Guitar Aficionado

Ronnie Wood: Every Picture Tells a Story

As an artist with Bremont, the Rolling Stones guitarist turns clocks into paintings inspired by his life.
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Every Picture Tells a Story: As an artist with Bremont, Rolling Stones guitarist Ronnie Wood turns clocks into paintings inspired by his life.

by Scott Hickey

Before Ronnie Wood joined the Rolling Stones, the Faces, the Jeff Beck Group, or even his brother Ted’s skiffle band, he was an accomplished artist. Today, the shag-haired slide wizard’s artwork in shown in prestigious galleries and hangs in the homes of notable figures like Bill Clinton and Muhammad Ali. His paintings, especially of fellow musicians, often fetch six figures.

Lately, the pop-culture portraitist has discovered an unorthodox base for his brushwork: clock dials. The idea came about four years ago when Wood met brothers Giles and Nick English, co-founders of British watch company Bremont. After bonding over their passion for fine timepieces, the trio began looking for a project that would bring their worlds together.

As luck would have it, Bremont had just completed the B-1 Marine Clock, the brand’s modern interpretation of the marine chronometer. Invented by British watchmaker John Harrison in the 18th century, this specialized clock revolutionized maritime navigation by allowing sailors, for the first time ever, to determine longitude accurately while at sea.

Wood says he was hooked the moment he saw the clock. “At first, we talked about doing something with watches, but the size of the clock dial offered me more flexibility,” he explains from the road while on tour with the Stones. “It made perfect sense as a canvas.”

Size wasn’t the only factor. “The clock was a marine chronometer too, which resonated with me immediately because of my love of the water,” he says. Water has been a major influence on the 67-year-old’s life, as he explains in his 2007 autobiography, Ronnie: “My brothers and I were the first in my family to be born on dry land; my mother and father were born on barges…Both were water gypsies.” For generations, many of his relatives, including his parents, worked on the barges that moved cargo along the West London canals.

The idea of combining his nautical roots with his other passions proved irresistible to Wood, who agreed to create a series of 14 clocks for Bremont over the course of several years. Each one will be decorated with a unique hand-painted dial and inner case. “Clearly, it was a very personal project for Ronnie,” Giles English says. “That’s why we encouraged him to paint the things that have influenced him most in his life.”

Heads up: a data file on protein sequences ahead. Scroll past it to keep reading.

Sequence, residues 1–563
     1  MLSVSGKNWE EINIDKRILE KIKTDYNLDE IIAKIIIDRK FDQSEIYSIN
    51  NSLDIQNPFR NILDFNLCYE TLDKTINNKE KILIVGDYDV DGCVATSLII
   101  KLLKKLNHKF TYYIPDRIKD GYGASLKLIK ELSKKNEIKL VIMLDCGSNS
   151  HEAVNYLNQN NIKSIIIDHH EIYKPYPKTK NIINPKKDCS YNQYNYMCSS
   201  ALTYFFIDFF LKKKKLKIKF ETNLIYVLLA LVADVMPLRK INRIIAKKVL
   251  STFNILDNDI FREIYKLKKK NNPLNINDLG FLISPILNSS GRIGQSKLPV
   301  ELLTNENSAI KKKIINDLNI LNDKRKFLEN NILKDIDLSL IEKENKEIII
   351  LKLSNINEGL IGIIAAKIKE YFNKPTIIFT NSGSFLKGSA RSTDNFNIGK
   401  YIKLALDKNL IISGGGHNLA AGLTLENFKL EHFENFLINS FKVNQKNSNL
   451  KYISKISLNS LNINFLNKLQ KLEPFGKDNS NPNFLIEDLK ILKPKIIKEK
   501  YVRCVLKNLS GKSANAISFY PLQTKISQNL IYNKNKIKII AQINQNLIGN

For the first clock, Wood chose an equestrian theme. “Ever since I was a child, I’ve loved horses,” he says. “They’ve inspired many of my paintings and had a strong influence on my art through the years.” He first learned how to draw horses as a youngster by copying Denis McLoughlin’s illustrations in the Buffalo Bill Wild West Annual comic books. Years later, he refined his technique at Ealing Art College, which is where Pete Townshend and Freddie Mercury also studied.

The inspiration may have come quickly, but Wood admits that working with a canvas the size of an LP record pushed him out of his comfort zone. “I had to use acrylic-based paints, which I wouldn’t normally use. And I was really constrained by the layout,” he says referring to the displays around the dial. “Despite all that, it provided a great challenge for me and ended up being a lot of fun.”

When the first dial and case were finished, the English brothers visited Wood’s studio to see them. “We didn’t know what to expect, but we were blown away when we saw them,” Giles recalls. One particular detail caught his eye: a human hand near the power reserve indicator. “I asked Ronnie about it, and he smiled and said, ‘It’s a clock. It’s gotta have a hand, right?’ And that’s why it’s so great working with him: he’s very serious about his art, but he never takes himself too seriously.”

The only finished clock has sold already, but it can still be seen on display at Bremont’s London boutique. “The gentleman who bought it wanted other people to enjoy it too, which is why he asked us to keep it on display here,” English says. “Every so often he comes in with his mates. They have a whisky together and admire the clock.”

A longtime enthusiast of wristwatches, Wood took a little time out to share with us details about some of his own favorite timepieces…

This is an excerpt of an article from the all-new September/October 2014 issue of Guitar Aficionado magazine. For the rest of this story, plus features on Beatles gear enthusiast Sam Irlander, Food Network personality (and guitarist) Alton Brown, the watch collections of Ronnie Wood and Elliot Easton, new gear and more, head to the Guitar Aficionado Online Store.

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